Ben Okri 2020


Ben Okri is a poet, novelist, short story writer, essayist, aphorist, playwright, and writer of film-scripts. His writing challenges perceptions of reality. He is also a cultural activist.

He was born in Minna, Nigeria on 15 March 1959 and moved to the United Kingdom as a child. He went to school in London and returned to Nigeria with his parents on the eve of the Nigerian Civil War in the late 60’s. The war made a defining impact on his life. He finished his secondary school education and wanted to study physics and become a scientist. But he was deemed too young then for university and that summer he read his way through his father’s library and found his true vocation. He began writing at a very early age. Starting with poetry he then moved on to publish articles and essays about the living conditions of the poor in the slums of Lagos. Then he wrote short stories and eventually what was to become his first novel, ‘Flowers and Shadows.’

In 1978, he returned to London where he studied comparative Literature at Essex University. Two years later he published his first novel; and in 1982 came his second novel, ‘The Landscapes Within.’

He went through a brief period of homelessness when funding for his scholarship fell through, sometimes living in parks and sometimes with friends. He describes this period as very important to his work, intensifying his desire to write.

In 1986 came ‘Incidents at the Shrine’, a collection of stories that won him prizes and enhanced his reputation. In 1988 a second collection, ‘Stars of the new Curfew’ cemented his reputation as a powerful new voice. But it was in 1991, with the publication of ‘The Famished Road’ that he attained international stature.

The Famished Road won the Booker Prize that year. It was the first Booker Prize winner to go straight to number one in the paperback bestseller lists. The novel has been highly influential in the decades since its release. When President Clinton visited Africa for the first time, he quoted extensively from The Famished Road. The novel was also the inspiration behind ‘Street Spirit’ by UK rock band, Radiohead and was recently one of the novels cited in an episode of American Dad. It has inspired paintings, music, classical music, plays, films, and dances and has been re-issued as a Vintage Classic. This was the first book in The Famished Road Trilogy.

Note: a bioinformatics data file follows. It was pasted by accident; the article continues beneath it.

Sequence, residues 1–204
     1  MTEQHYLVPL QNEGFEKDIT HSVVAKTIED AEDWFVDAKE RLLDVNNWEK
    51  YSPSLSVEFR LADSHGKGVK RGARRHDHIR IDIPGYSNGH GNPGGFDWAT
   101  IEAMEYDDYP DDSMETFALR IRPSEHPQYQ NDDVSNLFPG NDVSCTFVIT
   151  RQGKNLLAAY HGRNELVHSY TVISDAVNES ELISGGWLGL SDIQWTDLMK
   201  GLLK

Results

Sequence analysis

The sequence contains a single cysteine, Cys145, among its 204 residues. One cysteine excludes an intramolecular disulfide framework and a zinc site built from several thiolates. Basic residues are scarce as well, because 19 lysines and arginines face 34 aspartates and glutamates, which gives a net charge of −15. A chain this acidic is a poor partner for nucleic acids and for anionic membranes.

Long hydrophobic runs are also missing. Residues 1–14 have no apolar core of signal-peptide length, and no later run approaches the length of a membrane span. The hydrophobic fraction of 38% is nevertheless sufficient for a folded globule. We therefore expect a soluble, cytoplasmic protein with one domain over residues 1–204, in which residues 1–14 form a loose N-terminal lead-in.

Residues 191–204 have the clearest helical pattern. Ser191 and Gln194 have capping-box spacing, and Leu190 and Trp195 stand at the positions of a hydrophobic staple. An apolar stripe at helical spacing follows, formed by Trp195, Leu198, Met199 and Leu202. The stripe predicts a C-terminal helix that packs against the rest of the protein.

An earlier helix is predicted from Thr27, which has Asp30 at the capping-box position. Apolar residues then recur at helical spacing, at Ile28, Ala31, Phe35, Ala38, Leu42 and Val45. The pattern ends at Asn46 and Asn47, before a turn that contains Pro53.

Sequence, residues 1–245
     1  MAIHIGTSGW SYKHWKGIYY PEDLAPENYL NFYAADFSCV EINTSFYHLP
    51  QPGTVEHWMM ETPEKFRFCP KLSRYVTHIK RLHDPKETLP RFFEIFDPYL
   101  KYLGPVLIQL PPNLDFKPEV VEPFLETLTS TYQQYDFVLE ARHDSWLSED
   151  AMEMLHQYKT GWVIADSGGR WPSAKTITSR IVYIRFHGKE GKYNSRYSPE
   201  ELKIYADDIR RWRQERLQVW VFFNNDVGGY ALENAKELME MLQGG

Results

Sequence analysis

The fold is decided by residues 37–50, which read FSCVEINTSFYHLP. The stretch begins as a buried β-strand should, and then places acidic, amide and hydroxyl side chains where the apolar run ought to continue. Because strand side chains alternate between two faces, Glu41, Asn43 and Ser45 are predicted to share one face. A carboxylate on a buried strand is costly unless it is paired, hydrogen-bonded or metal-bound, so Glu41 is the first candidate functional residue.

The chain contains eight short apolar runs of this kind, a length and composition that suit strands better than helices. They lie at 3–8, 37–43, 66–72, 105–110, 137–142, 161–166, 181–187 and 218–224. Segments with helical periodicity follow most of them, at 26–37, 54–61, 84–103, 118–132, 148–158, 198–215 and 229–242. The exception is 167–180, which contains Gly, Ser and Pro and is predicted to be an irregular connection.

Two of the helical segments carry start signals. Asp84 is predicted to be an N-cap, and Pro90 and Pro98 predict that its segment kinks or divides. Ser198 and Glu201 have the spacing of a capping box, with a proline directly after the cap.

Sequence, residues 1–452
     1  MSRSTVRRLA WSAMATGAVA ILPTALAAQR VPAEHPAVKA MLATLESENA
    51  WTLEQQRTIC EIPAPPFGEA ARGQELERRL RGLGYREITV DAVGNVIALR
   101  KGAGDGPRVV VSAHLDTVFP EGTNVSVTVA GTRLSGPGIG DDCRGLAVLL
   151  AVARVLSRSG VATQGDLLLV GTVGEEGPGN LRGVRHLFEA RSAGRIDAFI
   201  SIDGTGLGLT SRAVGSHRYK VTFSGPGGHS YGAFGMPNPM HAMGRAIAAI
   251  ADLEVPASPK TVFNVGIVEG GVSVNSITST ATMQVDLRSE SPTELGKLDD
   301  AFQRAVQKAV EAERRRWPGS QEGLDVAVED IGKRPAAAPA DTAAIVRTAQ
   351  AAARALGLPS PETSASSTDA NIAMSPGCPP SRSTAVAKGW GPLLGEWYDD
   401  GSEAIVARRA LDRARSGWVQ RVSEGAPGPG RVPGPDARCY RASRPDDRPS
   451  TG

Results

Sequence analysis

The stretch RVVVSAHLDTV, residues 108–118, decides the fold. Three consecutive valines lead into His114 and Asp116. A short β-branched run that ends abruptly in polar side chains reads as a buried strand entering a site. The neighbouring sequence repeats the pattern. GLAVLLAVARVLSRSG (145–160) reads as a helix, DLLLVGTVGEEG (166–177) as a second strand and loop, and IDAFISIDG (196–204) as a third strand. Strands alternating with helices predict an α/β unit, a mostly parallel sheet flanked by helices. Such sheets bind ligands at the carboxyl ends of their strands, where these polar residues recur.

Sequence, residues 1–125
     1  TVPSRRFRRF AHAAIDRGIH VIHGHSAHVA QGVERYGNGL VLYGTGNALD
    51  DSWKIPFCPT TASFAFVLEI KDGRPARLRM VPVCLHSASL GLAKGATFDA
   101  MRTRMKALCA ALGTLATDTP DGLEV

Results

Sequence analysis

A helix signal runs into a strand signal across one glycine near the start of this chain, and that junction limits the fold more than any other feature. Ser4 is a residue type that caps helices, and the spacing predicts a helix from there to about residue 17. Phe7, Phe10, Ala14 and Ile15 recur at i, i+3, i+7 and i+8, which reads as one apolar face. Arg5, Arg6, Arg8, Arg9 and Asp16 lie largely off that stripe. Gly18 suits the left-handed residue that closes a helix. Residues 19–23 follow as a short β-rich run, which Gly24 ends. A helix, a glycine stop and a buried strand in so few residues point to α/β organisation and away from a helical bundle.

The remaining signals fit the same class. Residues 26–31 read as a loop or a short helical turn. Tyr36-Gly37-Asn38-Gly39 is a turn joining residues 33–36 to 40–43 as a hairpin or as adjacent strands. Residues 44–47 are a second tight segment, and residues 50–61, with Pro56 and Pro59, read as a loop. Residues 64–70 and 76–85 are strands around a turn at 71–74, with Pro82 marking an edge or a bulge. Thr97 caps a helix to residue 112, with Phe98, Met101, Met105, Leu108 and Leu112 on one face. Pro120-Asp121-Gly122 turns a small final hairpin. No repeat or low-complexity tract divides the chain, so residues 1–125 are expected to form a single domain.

In 2012, he invented a new form called the Stoku, which is a cross between a short story and a haiku. This was first displayed in his book ‘Tales of Freedom’, which featured thirteen stokus.

He has written film scripts and plays. He wrote the text to Peter Kruger’s film ‘N: The Madness of Reason’ and co-wrote the film script adaptation of his novel, ‘The Age of Magic’. He has also written a play called The Outsider, an adaptation of Camus’s famous novel, which was performed at The Coronet in September 2018. In 2019 his novel, ‘Astonishing the Gods,’ was selected as one of the BBC’s ‘100 novels that shaped our world.’

Ben Okri has been a Fellow Commoner in Creative Arts at Trinity College, Cambridge. He was also Visiting Professor of Literature at Leicester University.

For his enrichment of literature through his unique way of retelling the diverse stories of Africa and for this excellence as a writer and intellectual, it is an honour for Nelson Mandela University to confer the degree of Doctor of Literature (honoris causa) on Ben Okri.

Photo: Mat Bray